Consider also that if you answer incorrectly, you don’t get to move forward and one of your Honeycomb health-pots will be taken away. Lose all of them and you’ll find yourself being taken right back to the beginning of the level to try all over again from scratch. I have to say a big thank you to The_Ghost_Owl, The Gaming Diaries, Frostilyte from Frostilyte Writes and Nathan for helping us by adding the answers in chat and cheering us on when we finally managed to reach the end.

Speaking of the people who joined us in chat for the streams, it was lovely seeing so many of them share their past experiences with Banjo-Kazooie. It appeared Pete and I were definitely in the minority of those people who hadn’t played it as a child on the Nintendo 64 or in fact ever picked it up before. Ellen from Ace Asunder revealed that it’s in her top-three games of all-time; and Frostilyte had plenty to say, particularly when it came to the engine room in Rusty Bucket Bay.

That nostalgia is an incredibly powerful thing. Most people recall social contexts and good relationships when they’re asked to describe a nostalgic memory; so they might reminisce about a certain title, but the chances are that they’re actually thinking about a time they bonded with loved-ones or shared their hobby with friends. Because my other-half and I don’t have these memories, Banjo-Kazooie didn’t have the same impact and instead ended up being simply an acceptable platformer.

I’m not sure we’ll ever feel more about entries in the genre. It’s The Secret of Monkey Island that brings back fond recollections for me because I received it as a gift for Christmas as a kid and it was the first game I’d ever really played for myself; and Pete always brings up Zork on the Commodore 64, a release which both intrigued and frustrated him. I think we’re therefore always going to be drawn to narrative games and feel more for them, because they feature in our earliest gaming experiences.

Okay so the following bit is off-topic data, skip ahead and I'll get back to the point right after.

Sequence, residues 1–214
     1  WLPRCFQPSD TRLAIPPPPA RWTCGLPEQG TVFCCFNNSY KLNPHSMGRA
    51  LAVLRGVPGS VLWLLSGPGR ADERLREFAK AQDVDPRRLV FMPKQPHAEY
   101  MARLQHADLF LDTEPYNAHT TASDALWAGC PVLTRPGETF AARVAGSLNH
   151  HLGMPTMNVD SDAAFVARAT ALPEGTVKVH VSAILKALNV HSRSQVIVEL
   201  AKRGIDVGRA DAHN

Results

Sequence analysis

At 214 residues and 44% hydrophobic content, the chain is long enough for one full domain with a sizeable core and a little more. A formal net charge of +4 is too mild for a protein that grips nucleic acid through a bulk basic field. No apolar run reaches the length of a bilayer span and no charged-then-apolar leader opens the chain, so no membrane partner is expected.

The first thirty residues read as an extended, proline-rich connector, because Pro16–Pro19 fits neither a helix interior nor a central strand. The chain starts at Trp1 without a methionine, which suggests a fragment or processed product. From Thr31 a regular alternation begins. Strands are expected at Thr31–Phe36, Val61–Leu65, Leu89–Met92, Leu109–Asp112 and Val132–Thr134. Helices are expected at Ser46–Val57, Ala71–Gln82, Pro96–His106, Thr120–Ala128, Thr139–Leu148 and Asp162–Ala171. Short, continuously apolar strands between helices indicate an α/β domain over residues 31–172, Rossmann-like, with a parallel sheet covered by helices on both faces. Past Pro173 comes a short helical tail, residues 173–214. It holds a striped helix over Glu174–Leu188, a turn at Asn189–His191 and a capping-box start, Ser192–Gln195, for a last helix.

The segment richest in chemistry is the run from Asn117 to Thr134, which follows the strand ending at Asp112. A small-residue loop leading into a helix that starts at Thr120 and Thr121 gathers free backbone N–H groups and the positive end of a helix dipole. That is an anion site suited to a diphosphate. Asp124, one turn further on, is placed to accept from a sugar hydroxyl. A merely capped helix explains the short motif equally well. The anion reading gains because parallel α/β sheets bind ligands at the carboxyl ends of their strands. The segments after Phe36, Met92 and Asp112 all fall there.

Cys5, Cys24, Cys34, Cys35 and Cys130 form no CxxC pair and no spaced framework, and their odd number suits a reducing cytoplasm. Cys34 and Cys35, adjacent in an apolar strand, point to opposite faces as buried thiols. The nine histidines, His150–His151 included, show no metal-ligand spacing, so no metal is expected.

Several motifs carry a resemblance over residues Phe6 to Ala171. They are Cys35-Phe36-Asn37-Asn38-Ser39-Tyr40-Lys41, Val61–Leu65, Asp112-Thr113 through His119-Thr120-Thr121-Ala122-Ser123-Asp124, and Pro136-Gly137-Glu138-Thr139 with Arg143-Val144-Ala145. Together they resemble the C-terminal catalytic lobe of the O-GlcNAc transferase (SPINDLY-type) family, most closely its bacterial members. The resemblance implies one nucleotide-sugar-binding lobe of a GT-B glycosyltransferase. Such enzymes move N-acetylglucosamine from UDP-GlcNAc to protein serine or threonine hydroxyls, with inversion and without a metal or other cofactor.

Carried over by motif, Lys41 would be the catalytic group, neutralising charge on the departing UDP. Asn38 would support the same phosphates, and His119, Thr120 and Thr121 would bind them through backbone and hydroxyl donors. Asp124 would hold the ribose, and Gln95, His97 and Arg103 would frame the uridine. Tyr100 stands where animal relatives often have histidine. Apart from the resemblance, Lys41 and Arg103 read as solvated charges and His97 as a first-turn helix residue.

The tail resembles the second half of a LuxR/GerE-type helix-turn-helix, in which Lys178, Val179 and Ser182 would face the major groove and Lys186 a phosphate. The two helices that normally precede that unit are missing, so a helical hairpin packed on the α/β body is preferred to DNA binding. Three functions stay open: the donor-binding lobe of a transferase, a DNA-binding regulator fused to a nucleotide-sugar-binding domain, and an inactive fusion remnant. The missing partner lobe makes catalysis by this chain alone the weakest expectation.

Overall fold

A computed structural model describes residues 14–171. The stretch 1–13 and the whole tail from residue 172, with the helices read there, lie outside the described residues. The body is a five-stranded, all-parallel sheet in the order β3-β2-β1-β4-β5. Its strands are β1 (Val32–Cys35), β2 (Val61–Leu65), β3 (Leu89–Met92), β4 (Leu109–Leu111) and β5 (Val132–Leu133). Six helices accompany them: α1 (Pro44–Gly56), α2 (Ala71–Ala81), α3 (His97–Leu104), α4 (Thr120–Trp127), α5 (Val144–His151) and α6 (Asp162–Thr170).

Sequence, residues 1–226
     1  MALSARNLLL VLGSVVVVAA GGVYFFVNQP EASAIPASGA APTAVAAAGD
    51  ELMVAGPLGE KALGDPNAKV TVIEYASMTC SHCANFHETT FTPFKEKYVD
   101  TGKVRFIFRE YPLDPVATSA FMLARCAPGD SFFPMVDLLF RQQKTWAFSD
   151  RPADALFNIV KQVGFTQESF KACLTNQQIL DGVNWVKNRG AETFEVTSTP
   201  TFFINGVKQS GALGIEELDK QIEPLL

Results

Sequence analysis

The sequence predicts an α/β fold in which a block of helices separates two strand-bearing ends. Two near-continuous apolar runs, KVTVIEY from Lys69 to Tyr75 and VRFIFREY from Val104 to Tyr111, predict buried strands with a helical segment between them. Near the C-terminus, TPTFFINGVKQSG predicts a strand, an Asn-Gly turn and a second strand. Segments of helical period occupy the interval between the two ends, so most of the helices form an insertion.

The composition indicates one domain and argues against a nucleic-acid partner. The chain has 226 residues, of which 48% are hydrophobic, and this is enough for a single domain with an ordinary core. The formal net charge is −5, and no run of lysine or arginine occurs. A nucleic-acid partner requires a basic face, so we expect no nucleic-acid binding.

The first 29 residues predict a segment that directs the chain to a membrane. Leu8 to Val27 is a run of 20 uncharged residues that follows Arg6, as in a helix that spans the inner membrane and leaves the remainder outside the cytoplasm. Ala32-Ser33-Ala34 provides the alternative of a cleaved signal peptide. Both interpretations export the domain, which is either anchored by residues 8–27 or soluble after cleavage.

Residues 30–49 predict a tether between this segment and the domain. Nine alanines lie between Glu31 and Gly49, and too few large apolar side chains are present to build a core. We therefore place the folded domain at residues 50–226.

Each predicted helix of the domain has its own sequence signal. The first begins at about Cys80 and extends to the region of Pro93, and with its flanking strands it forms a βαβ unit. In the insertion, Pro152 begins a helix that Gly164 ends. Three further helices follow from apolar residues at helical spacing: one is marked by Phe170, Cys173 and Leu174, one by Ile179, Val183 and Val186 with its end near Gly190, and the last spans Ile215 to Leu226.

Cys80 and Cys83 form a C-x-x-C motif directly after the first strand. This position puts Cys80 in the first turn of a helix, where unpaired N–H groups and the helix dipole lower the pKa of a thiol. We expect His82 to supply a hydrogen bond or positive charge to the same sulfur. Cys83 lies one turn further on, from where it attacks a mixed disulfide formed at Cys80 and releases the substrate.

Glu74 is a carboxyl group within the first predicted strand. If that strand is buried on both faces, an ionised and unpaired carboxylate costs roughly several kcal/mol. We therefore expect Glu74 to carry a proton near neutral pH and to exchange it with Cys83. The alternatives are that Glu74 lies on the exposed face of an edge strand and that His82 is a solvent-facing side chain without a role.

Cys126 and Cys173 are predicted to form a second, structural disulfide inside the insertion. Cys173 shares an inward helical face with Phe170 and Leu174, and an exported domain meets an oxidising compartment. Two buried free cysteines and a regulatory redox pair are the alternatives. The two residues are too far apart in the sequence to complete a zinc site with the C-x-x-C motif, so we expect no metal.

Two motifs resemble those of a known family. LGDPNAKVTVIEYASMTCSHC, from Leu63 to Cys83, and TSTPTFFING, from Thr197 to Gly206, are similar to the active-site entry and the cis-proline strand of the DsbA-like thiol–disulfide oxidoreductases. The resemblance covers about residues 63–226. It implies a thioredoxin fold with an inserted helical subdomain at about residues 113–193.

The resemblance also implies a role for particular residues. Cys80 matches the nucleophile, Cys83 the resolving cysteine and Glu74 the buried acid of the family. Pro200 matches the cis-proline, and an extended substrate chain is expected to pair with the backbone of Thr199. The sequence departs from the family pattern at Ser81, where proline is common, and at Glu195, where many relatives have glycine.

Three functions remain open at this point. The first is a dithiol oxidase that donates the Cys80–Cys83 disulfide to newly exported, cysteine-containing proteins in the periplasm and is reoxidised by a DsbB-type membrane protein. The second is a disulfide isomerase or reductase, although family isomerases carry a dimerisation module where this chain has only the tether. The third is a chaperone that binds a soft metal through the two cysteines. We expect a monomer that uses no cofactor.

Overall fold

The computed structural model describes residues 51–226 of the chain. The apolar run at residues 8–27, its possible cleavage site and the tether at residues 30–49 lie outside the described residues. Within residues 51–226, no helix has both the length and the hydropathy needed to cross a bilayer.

That’s not to say this current experience hasn’t been worthwhile though – far from it. As I’ve written previously and mentioned again at the start of this post, perhaps the best thing about game-swaps is that they’ve encouraged me to try titles and genres I wouldn’t normally play. So I’ve got to say a huge thank you to Nathan for proposing Banjo-Kazoozie as well as telling him ‘well done’: you did it. You actually managed to get us to play a Nintendo game on Twitch, damn you.

I’m still plugging away at Final Fantasy XIII at the time of writing but now having reached the penultimate chapter, it won’t be long before we’re able to start our next swap. I know that Frostilyte wants to see Pete play a visual novel, a genre he’s really not a fan of; will he manage to convince him?

Final Fantasy XIII: staying focused

Over the past six months, I’ve had the pleasure of taking part in a few game-swaps with other bloggers. We’ll decide on a theme together, send each other a video game which matches the requirements, and then play the title received and share our thoughts on them.